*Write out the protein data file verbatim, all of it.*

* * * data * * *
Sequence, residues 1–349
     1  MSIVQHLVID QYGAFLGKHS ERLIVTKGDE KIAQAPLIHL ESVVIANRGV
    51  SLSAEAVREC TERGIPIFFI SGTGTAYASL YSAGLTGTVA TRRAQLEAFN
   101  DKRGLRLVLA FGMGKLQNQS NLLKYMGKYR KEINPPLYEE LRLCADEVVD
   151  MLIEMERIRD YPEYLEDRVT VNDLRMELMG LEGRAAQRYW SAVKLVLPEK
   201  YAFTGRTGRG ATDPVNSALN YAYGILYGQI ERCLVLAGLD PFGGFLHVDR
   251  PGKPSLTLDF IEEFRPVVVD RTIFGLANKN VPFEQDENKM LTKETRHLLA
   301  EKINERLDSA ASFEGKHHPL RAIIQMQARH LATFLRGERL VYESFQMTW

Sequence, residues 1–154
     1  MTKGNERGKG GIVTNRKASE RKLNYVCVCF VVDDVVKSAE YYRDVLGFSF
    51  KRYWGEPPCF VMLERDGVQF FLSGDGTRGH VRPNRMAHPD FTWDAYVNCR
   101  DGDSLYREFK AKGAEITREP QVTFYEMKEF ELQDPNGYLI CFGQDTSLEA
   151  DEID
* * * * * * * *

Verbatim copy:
Sequence, residues 1–349
     1  MSIVQHLVID QYGAFLGKHS ERLIVTKGDE KIAQAPLIHL ESVVIANRGV
    51  SLSAEAVREC TERGIPIFFI SGTGTAYASL YSAGLTGTVA TRRAQLEAFN
   101  DKRGLRLVLA FGMGKLQNQS NLLKYMGKYR KEINPPLYEE LRLCADEVVD
   151  MLIEMERIRD YPEYLEDRVT VNDLRMELMG LEGRAAQRYW SAVKLVLPEK
   201  YAFTGRTGRG ATDPVNSALN YAYGILYGQI ERCLVLAGLD PFGGFLHVDR
   251  PGKPSLTLDF IEEFRPVVVD RTIFGLANKN VPFEQDENKM LTKETRHLLA
   301  EKINERLDSA ASFEGKHHPL RAIIQMQARH LATFLRGERL VYESFQMTW

Sequence, residues 1–154
     1  MTKGNERGKG GIVTNRKASE RKLNYVCVCF VVDDVVKSAE YYRDVLGFSF
    51  KRYWGEPPCF VMLERDGVQF FLSGDGTRGH VRPNRMAHPD FTWDAYVNCR
   101  DGDSLYREFK AKGAEITREP QVTFYEMKEF ELQDPNGYLI CFGQDTSLEA
   151  DEID